If people claimed that Christianity required them to engage in racial discrimination, then would Ted Cruz approve?
No, that isn’t a rhetorical question, because racial discrimination in the name of Christianity has taken place before. Indeed, Bob Jones University became infamous for its racist policies. A March 2000 article in Christianity Today describes that college’s racist history.
The southern school adopted its ban on interracial dating in the 1950s. Ironically, the policy was not instituted in response to concerns of white parents, but came after an Asian family threatened to sue the school when their son, who was a student at the school, nearly married a white girl. BJU did not admit black students until the 1970s. The school lost its tax-exempt status in 1983 after a 13-year battle with the Internal Revenue Service, which said the school’s policies violated federal law. The school had justified its ban on interracial dating by saying that God created people differently for a reason.
Did Christianity cause BJU to ban interracial dating? No, of course not, and plenty of American Christians knew it. The leaders of BJU had simply read into the Bible something that isn’t there.
Imagine what would have happened in 2000 if George W. Bush had defended BJU’s ban on interracial dating, citing religious liberty, saying that BJU’s leaders were just living according to their faith. If that had happened, then Al Gore would have beaten Bush.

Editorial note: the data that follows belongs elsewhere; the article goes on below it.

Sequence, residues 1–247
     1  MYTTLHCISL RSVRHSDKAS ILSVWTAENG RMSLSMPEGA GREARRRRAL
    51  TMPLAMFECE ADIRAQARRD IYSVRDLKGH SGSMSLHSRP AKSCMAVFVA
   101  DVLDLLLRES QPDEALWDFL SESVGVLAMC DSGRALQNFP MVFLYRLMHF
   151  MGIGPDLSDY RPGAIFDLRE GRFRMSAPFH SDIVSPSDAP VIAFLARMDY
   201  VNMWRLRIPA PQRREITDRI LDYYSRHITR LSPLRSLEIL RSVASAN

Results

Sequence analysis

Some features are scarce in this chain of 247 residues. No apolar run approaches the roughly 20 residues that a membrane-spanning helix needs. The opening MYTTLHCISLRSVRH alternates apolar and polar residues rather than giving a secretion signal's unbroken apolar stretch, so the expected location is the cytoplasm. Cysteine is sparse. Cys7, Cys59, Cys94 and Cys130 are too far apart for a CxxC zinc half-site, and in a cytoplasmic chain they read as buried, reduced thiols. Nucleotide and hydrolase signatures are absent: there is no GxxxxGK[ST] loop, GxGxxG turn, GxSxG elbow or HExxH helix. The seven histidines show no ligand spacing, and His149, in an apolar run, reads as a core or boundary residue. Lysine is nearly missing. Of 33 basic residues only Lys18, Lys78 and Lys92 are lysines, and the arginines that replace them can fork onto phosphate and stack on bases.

Today, Ted Cruz is one of the GOP presidential candidates who is defending the civil disobedience of Rowan County Clerk Kim Davis, who is now being held in contempt of court. Yet, Cruz and the other supporters of Kim Davis haven’t explained what standard they use to determine which religious beliefs justify civil disobedience.
Davis claims that Christianity is making her disobey a court order, but that claim is false. If anything, Davis is contradicting a biblical teaching. In Romans 13:1-2, the Apostle Paul says, “Let every person be subject to the governing authorities. For there is no authority except from God, and those that exist have been instituted by God. Therefore whoever resists the authorities resists what God has appointed, and those who resist will incur judgment.”
There may be times when a Christian should defy the orders of an evil regime, but that is not what Davis has been doing. She and her defenders are under the delusion that a clerk’s name on a marriage license implies that the clerk approves of a particular marriage.
No, that is not what it means. Acting as an officer of the government, a county clerk gives recognition that two people have met the legal requirements for obtaining a marriage license and that the license is legally valid in the state in which it was issued. Nothing in the Bible prohibits a Christian from giving such recognition.
Thus, Kim Davis isn’t being persecuted for being a Christian. Instead, she has incurred the judgement that the Apostle Paul warned about.